And if I am deeply broken and that is why I am so inconsistent, perhaps that is also the reason why the men and women and the institutions that I look up to and depend on often seem to hurt and disappoint me. Maybe it’s because we are all human and for some unexplainable reason God has chosen to put His Glory in such jars of clay. Always in jars of clay, earthen vessels. There is no Glory of God in this world not hidden in a jar of clay.
In my experience I have found the question, “why do bad things happen,” in all of its various forms, is not a very helpful question. It is not helpful because it keeps our focus outside us, as though the bad things that happen are “out there,” as though the thing God really cared about was outside me, what happens to me, rather than God caring mostly—and I might even say entirely—about what my response is, what my response to what happens outside me is. That’s what God cares about—at least as far as I am concerned. Yes, God’s providential care is over all that He has created, but in as much as God’s calling for me (and for every Christian believer) is to be formed into His image, I can confidently assert that how I respond to what happens around me, how I turn to God for help in times of need, how I repent when I see my own sin (not the sins of others—that’s their business), these are the only things God cares about as far as I’m concerned.
And once we shift our focus inward, then everything changes. Once I see the darkness inside myself, then instead of asking why bad things happen to me, I begin to wonder why it is that anything good happens to me. Because I am so inconsistent, it is amazing to me that anyone shows any consistency at all. Because I am so easily confused, so self-obsessed and so tormented by passions, it is a bonafide miracle that I experience any Grace, any comfort, any love from those around me at all. If those around me are experiencing only one quarter of the inner conflict with depression, lust, selfishness, confusion and self-exulting pride that I do, it is truly a miracle of the Grace of God that I experience any good, any blessing, any encouragement of Grace through the people and institutions God has placed in my life.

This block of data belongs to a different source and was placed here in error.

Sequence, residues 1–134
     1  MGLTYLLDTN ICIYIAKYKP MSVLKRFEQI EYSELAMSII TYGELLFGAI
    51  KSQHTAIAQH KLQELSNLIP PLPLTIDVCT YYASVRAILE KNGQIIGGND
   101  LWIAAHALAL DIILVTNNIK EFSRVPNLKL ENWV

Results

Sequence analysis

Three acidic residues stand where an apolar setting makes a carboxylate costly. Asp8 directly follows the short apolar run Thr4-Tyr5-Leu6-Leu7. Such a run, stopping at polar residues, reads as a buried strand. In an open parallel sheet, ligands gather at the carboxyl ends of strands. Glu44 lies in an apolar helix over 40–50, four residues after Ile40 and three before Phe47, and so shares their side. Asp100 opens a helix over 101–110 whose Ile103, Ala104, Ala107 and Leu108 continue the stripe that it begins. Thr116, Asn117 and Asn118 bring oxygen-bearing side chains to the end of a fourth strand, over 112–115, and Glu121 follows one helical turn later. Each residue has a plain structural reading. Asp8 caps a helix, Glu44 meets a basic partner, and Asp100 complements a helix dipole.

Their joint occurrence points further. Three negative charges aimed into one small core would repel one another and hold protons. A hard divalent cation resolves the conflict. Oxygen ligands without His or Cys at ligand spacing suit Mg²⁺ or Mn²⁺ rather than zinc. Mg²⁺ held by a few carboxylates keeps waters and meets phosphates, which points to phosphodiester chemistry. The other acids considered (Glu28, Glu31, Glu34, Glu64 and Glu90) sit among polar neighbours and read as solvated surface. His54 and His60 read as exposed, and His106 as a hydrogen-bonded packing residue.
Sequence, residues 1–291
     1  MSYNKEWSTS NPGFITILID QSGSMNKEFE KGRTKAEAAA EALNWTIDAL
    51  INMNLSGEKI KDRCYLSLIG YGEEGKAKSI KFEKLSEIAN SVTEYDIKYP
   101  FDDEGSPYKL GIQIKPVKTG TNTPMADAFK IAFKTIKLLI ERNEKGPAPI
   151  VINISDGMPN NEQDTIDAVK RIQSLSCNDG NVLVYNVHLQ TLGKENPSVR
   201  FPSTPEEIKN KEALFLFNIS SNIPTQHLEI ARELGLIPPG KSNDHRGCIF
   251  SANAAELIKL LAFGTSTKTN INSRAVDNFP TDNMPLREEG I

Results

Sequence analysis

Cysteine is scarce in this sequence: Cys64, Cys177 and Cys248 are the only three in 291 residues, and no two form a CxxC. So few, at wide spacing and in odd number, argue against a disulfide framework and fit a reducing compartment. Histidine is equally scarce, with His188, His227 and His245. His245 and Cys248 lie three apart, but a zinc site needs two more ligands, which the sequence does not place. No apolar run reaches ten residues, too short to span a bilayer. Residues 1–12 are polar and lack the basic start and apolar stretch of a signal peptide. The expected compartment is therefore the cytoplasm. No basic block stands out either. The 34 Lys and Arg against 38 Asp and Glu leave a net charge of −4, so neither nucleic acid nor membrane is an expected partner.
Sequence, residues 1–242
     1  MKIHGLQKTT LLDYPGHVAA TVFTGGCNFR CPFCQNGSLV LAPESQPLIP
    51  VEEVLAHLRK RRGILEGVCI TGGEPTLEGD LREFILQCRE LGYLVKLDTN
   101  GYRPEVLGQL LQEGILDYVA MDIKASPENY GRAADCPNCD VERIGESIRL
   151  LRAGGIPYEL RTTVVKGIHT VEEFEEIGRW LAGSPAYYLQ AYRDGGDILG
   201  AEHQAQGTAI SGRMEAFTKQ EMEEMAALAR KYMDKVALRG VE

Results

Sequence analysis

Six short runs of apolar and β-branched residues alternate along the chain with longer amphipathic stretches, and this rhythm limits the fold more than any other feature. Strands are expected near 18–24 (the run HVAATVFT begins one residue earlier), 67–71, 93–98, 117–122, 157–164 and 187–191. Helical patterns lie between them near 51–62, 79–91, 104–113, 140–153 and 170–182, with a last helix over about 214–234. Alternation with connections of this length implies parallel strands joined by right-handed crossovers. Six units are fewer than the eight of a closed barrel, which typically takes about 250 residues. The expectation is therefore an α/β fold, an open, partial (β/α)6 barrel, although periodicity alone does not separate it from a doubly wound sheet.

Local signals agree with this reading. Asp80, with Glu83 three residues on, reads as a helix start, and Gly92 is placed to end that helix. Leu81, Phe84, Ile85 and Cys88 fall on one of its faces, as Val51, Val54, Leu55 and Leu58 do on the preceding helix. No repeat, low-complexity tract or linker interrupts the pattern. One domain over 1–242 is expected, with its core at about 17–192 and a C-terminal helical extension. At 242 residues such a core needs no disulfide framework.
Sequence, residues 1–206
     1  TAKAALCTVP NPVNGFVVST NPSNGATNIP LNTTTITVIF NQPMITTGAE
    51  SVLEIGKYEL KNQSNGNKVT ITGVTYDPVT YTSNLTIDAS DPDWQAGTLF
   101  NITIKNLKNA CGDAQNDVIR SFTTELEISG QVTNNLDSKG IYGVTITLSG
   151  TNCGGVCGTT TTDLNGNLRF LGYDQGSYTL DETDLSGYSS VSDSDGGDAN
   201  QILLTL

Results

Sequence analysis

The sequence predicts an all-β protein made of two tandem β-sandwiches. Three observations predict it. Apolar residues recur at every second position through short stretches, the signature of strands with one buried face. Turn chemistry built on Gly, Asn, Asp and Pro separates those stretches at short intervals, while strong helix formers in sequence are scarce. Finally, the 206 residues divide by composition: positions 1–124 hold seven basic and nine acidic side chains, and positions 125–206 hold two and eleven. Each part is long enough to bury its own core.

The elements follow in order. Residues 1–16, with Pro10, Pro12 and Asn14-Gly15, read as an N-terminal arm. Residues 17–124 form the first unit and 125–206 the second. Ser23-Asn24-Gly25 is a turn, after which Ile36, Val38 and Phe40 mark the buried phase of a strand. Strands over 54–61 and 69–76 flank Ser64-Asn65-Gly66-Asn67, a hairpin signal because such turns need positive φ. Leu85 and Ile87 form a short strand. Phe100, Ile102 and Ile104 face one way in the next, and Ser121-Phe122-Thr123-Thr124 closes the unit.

In fact, we might even say that one of the reasons why there must, “of course [be] many inconsistencies” is because it is the very inconsistency of the world around us that forces us to go deeper into ourselves. When everything is going pretty much according to plan, when everyone is behaving pretty much as I expected, then it is very easy to stay stranded in a very shallow spiritual experience, a very shallow knowledge of God and of myself. So long as our spiritual life can be managed with nothing more than the rational aspect of our minds—as though progress in the spiritual life were somewhat like progress in mathematics or progress in the management of a construction project—so long as the spiritual life is mostly about just figuring things out, so long as this is the case, we will never grow to know God or ourselves very well. As many of the Church Fathers have pointed out, and as St. Theophan himself summarizes for us very neatly in the Book The Spiritual Life and How to Be Attuned To It, our true knowledge of God and of ourselves takes place at a deeper level of knowing than that which can be processed rationally.
If it weren’t for the inconsistencies of our experience, we might never learn to lay aside (or put in its place) the rational aspect of our mind to go deeper and come to know God and ourselves at that deeper level, the level that the Fathers of the Philokalia call noetic (which is sometimes misleadingly translated as “intellect”). This movement to a deeper knowledge of God seldom comes to us without our first coming to the end of our rational systems and expectations. It seems that it is only through disappointments, often experiences that seem death-like to us, experiences that seem like inner crucifixions, like a martyrdom that no one sees, it is experiences like these that create in us a crisis, a crises that forces us to become aware of something deeper in ourselves, a knowledge of God that transcends even death, even the death of disappointment, betrayal and failure. The outer pain we discover functions as birth pangs within us giving birth to a deeper, more secure, more profound relationship with God.
However, all births in this fallen world are dangerous. Death is real, but so too is the Life that can come from death. Isn’t that what the Resurrection teaches us? Three days in the tomb can seem like an eternity to the one in the tomb, to the one in the belly of a Great Fish. But like Jonah, we cry out to God from the belly of the Great Fish, like Peter we cry out as we sink, “Help, Lord!” And in our distress we let go of our rational expectations, all that we had figured we could depend on, all of that is let go and in a kind of terror, all that is left is only God and me, only His help and my death.
And God does help, in various ways at various times, almost always unpredictably. God lets us suffer, lets us stew, lets us wallow in the mire for a while, and when the time is right, when we are ready, when we have come to our senses, when we have come to the end of ourselves, then God makes a way of escape, opens a door or provides us with another opportunity. This is the way of salvation, the narrow way, the way that few find, for it is the way of crucifixion, it is the way of transformation from the old to the new, from earth to heaven. This way of inconsistency is also a necessary part of our salvation.